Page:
Another tip I've posted about several times is to include misspellings. I know Shafers & Shaffers. So I include the person's name with the correct spelling. But use the other spelling as a keyword. This way I know I'll find the note I'm looking for, even if I forget which way that person spells their name.

One reason I use tags is when there is either no unique name to use as a keyword or there are several. IE, I have used a piece of software for about seven years. When I first bought it, it was called NeatReceipts. But I may have typed it as Neat Receipts at times. Then they changed the name to NeatWorks. But again, I may have typed Neat Works in my notes. Then they started going by Neat - too general & not conducive to finding notes that only apply to this software app. So I do have a Neatreceipts tag that I apply to all the notes that pertain the the software app. OTOH, I have also used ACDSee Photo Manager for about ten years. It does not require its own tag since ACDSee is a unique name that I include in all notes pertaining to this software app.

I also use nested tags. IE, I have a notebook on computer software/problems/issues. I have a parent tag called "Computer info & problems". Below that is a tag "Computer problems" & below that is (for example) a tag "new & expanded boot disk 20100303" which is applied to all the notes that are relevant to when I used Acronis to backup & restore my boot drive to a new, larger hard drive without having to reinstall the OS & all applications. In this case, the parent tag exists only to organize the child tags. I rarely search only on the parent tag of "Computer info & problems".

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Why do I need to tag my notes?  Can't I just search for a specific word within a note and it will be (hopefully) found?

I can find my Cox bill from May of 2010 quickly from over 61,000 notes by using:

intitle:cox 201005*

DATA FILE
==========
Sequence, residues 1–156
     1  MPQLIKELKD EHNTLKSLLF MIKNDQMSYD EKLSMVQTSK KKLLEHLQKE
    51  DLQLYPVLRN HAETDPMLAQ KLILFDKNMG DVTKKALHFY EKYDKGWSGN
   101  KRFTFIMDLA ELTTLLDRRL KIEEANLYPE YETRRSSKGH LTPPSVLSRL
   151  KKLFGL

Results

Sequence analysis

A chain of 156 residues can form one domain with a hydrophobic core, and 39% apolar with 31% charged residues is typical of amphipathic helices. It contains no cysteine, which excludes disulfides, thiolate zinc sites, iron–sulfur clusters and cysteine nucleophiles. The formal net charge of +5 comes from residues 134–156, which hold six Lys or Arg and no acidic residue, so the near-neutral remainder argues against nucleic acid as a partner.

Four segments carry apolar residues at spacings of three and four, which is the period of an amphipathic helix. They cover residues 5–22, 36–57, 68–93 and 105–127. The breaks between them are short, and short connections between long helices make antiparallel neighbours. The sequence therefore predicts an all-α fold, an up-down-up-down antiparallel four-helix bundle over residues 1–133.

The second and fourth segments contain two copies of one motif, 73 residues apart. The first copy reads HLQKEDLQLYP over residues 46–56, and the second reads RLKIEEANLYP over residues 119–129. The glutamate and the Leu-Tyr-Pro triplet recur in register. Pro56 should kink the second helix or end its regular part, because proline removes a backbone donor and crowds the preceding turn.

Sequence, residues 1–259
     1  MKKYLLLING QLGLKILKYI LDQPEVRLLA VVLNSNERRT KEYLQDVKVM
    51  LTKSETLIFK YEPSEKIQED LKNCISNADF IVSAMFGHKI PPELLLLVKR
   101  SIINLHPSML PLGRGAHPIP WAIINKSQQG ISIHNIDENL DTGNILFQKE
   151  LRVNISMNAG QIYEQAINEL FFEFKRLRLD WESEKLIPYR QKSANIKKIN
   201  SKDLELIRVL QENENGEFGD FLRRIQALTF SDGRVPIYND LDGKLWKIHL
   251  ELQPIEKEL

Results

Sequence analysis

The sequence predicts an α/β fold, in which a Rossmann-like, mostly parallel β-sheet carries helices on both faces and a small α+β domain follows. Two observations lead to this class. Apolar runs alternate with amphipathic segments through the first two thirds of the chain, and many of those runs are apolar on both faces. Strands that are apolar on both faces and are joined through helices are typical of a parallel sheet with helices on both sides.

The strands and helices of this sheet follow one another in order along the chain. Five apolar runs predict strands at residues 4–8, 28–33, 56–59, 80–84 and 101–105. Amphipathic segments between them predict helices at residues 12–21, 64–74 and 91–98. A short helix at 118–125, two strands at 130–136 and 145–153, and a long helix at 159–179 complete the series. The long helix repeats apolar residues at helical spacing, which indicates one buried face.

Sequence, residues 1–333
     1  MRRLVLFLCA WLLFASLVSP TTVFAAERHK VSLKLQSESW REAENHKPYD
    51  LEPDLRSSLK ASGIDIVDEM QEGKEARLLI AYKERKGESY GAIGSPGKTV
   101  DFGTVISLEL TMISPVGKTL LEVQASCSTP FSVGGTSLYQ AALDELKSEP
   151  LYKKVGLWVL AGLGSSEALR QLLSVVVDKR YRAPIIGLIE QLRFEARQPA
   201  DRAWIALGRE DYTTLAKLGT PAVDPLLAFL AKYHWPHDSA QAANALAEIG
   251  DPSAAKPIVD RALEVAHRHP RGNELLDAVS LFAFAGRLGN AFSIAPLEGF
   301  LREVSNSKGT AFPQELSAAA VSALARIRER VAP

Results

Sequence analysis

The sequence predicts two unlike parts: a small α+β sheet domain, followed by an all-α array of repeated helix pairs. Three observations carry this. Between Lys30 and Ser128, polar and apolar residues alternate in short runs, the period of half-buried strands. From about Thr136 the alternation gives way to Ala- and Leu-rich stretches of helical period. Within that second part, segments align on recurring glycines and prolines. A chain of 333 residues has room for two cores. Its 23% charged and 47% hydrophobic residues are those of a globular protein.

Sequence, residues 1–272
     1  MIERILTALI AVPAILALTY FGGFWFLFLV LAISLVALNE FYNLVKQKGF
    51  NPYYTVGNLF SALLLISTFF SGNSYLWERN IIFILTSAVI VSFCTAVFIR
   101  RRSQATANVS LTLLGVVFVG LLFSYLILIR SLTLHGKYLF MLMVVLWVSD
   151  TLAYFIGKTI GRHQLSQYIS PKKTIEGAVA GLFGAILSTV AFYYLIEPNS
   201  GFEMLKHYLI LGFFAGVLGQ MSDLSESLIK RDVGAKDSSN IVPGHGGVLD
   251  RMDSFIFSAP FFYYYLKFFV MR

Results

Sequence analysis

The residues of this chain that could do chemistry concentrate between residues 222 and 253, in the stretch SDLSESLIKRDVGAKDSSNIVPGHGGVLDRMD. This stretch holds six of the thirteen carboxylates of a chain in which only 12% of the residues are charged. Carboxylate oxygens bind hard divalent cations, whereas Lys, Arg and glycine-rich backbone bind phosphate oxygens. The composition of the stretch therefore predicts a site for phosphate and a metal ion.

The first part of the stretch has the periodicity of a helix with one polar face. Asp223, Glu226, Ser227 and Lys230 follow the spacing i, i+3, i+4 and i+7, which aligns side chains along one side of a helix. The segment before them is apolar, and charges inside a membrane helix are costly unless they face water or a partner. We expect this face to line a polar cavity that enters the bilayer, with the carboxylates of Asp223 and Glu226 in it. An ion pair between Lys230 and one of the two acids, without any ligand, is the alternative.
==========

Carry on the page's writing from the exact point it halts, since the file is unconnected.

since the title of the note is Cox 20100508 (if the closing date of the bill is 5/8/10). It doesn't even have any tags assigned to it.

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  • Level 5*

Have you tried it? Just enter your word, without "tag:" in front of it, and you will find it. There probably are certain words that you can't search for (stop words), and of course it won't pick up misspellings. If you want to find a phrase, type in "this is my phrase" including the quotation marks. Then read section 08 in http://evernote.com/evernote/guide/windows/.


Wow, some people are too fast for me!

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  • Level 5*

It's a little-known fact that a simple text search will also search tags and note titles as well as note content. At least on the Windows client, these will be treated as wildcard searches. That is, a search for "text" would be equivalent to a search for "text* tag:text* intitle:text*"

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  • Level 5

Another specialized use of Tags:


I have tons of tags that use government acronyms. All these acronym tags have the prefix "acro-". 

The list has grown substantially since then, due the out-of-control regulatory environment promoted by the Obama nanny-state administration.


Here is a screen grab (using Tag Hunter) of a portion of my acronyms from a couple years ago.